Catherine Zeta-Jones Talks About 'No Reservations'

Maui Time | July 21, 2007
Catherine Zeta-Jones is a renaissance actress whose seemingly effortless ability to embody characters comes with a highly skilled singing voice and stunning beauty that keeps audiences riveted. When the Welsh actress worked opposite Sean Connery in the often-overlooked 1999 film Entrapment, the onscreen chemistry was endearing for the obvious mutual respect the actors shared. She is an actress without pretension. Her gravitas can intimidate as much as it excites. I've heard some American women talk about their contempt for her in ways that indicated more about their own insecurities than anything about Catherine Zeta-Jones unmistakable talent.

Born in Swansea, West Glamorgan, Wales, Catherine lead a British revival of "42nd Street" at the age of 15 before becoming a constant on UK television with The Darling Buds of May in the early '90s. But it was her performance in The Mask of Zorro (1998) that brought her to global fame opposite Anthony Hopkins and Antonio Banderas.

Now married to Michael Douglas, with whom she has two children, Catherine Zeta-Jones is entering a busy period with four new films in various stages of production. Her latest movie No Reservations is an Americanized calibration of writer/director Sandra Nettelbeck's winning 2002 German romance dramedy Mostly Martha. Director Scott Hicks' (Shine) follows the budding romance between master chef Kate (Catherine Zeta-Jones) and Nick (Aaron Eckhart), the new sous chef in her busy kitchen at a West Village, Manhattan eatery. Eckhart and Zeta-Jones enjoy an authentic chemistry that only gets brightened by the ineffable charms of Abigail Breslin (Little Miss Sunshine) as Zoe, Kate's nine-year-old niece.

We spoke at Manhattan's Regency Hotel on Park Avenue where Ms. Zeta Jones lit up the room with her enthusiasm and confident charm.

CS: These days it seems like everyone is a foodie. Were you excited at the prospect of playing a chef?

CZJ: The idea of being a chef, for me, was pretty terrifying. But after we had this intense training together for a few weeks, we were up and running and I felt very comfortable in the kitchen, and still do actually.

I have a new appreciation of being in a kitchen. I have a new appreciation when a plate of food gets put on my table, how much goes into it, as opposed to going, "Is this cooked right?"

CS: How was the kitchen training process for creating your role?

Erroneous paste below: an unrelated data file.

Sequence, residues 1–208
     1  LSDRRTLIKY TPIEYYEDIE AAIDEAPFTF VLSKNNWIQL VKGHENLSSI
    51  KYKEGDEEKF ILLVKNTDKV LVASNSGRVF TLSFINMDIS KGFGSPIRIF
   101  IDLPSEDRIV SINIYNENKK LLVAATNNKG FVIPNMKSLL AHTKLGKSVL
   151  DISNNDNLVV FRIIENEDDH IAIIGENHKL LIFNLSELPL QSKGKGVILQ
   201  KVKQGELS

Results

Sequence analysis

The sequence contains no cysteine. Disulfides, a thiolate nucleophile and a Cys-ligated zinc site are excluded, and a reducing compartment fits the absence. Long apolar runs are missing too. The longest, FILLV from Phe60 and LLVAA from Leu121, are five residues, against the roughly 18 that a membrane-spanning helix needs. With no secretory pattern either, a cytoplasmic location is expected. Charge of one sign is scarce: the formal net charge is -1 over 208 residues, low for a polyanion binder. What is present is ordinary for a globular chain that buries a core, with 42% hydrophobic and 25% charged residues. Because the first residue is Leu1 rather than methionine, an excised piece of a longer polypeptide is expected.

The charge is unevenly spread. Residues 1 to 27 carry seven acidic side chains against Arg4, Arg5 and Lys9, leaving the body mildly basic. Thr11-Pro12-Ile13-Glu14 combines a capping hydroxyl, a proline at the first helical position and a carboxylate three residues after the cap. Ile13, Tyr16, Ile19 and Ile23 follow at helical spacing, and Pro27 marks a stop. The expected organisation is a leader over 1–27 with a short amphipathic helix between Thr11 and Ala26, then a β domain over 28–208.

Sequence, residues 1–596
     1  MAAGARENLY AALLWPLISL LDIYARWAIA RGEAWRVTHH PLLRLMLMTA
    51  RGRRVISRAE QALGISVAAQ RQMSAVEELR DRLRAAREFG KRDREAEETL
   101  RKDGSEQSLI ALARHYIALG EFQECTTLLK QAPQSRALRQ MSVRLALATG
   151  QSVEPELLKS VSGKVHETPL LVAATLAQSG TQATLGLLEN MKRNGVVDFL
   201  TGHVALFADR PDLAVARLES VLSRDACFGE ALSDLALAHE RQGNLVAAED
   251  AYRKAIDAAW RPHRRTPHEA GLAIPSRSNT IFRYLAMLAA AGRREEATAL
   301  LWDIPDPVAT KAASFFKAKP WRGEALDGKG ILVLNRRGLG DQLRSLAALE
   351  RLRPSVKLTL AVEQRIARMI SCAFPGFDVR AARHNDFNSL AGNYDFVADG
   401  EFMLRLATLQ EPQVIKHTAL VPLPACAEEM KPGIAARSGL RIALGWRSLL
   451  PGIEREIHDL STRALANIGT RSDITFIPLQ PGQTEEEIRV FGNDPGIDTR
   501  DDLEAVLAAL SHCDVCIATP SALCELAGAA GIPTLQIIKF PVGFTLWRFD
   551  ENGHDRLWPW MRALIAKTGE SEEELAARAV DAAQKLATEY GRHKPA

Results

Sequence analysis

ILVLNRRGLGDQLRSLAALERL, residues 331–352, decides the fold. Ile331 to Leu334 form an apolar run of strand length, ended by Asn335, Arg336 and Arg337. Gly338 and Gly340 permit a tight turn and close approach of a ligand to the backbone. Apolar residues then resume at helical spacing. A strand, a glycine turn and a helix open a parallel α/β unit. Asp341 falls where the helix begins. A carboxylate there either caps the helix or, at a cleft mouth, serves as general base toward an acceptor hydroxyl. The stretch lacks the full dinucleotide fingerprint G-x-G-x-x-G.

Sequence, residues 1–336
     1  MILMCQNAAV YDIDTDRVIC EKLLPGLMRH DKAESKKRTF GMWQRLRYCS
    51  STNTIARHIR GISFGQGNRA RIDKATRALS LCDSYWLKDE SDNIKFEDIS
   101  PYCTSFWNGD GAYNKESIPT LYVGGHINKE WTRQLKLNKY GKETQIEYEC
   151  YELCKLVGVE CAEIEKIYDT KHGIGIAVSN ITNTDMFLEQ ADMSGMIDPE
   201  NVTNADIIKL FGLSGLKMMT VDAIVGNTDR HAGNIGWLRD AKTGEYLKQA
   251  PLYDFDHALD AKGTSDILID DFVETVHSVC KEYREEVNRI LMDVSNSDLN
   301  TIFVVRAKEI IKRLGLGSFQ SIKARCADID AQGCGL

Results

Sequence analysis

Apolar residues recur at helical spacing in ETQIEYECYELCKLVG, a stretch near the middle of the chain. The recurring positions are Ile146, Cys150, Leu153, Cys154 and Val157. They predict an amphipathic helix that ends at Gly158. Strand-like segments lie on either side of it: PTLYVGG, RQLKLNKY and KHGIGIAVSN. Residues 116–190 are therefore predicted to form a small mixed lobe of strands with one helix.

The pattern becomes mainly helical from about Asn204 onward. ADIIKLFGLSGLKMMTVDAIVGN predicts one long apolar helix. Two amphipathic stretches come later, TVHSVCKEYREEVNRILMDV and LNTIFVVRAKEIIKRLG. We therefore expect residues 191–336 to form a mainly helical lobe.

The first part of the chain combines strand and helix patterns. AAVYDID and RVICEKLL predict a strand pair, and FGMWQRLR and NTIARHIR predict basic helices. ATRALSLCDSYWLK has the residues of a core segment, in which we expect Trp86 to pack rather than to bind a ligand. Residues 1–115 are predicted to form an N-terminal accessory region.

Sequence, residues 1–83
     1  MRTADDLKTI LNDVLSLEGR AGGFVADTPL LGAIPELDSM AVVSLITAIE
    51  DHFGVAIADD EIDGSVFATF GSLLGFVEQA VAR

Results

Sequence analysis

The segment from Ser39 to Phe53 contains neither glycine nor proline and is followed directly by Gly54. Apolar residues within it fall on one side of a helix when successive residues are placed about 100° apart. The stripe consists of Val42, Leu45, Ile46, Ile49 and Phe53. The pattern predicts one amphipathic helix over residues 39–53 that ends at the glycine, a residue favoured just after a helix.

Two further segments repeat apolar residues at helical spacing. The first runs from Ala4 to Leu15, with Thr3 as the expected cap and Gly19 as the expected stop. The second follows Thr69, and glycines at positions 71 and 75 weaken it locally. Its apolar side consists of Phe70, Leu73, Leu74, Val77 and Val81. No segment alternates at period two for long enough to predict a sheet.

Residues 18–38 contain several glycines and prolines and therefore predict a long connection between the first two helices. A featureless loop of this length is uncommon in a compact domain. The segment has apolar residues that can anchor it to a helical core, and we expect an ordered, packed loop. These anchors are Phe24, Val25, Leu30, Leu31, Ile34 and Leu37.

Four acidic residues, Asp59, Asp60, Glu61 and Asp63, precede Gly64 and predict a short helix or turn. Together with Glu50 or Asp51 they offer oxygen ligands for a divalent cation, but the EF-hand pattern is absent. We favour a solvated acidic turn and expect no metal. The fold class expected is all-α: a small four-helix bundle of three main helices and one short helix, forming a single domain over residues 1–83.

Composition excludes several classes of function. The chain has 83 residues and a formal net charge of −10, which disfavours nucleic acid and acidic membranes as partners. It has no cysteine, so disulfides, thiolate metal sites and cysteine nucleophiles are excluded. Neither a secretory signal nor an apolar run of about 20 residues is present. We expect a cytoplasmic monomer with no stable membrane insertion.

CZJ: It was intimidating because we started off with just the chef gradually taking us through the kitchen. It's like, in a way, an organized chaos. You'd think every one would be slashing into each other, burning each other, but it actually moves really gracefully. It's like a ballet. And Aaron and I wanted to fit into that environment, to look like this was our job, that this is for real. What was terrifying for me was when the other chefs started coming in, you want to be helpful and not do anything really ridiculous. And then I went out on the floor, which was pretty terrifying because I'd never been a waitress before. Other actresses have, but I've never been out there before. And I started screwing up my lines -- forgetting what sauce it was, and then there was one desert that was this big concoction of chocolate, and I said, "Just have it, it’s delicious."

CS: What kind of food would you cook if you had Aaron over to your house for dinner?

CZJ: I think I'd make some Welsh lamb, some good roasted potatoes and good solid stock food that I was brought up on, I think.

CS: Do you have a favorite restaurant anywhere in the world?

CZJ: There's a restaurant outside of Barcelona, El Bulli, which is like going into a chemistry lab. I went there and it was completely jam-packed. You have to book like two years in advance. I got to eat in the kitchen, and it looked like scientists, literally, concocting these amazing dishes with textures that you've never even seen before. You'd put your spoon in something and it would all dissolve. It was genius. That experience of going there was one of the best I've ever had.

CS: Is there a certain food that you can't resist?

CZJ: It sounds so ridiculous and so crazy, but I'm obsessed with smoked salmon sandwiches on brown bread with potato chips crushed up in the middle with a little salt and pepper. I actually had it two nights ago for dinner. It's one of those comfort foods.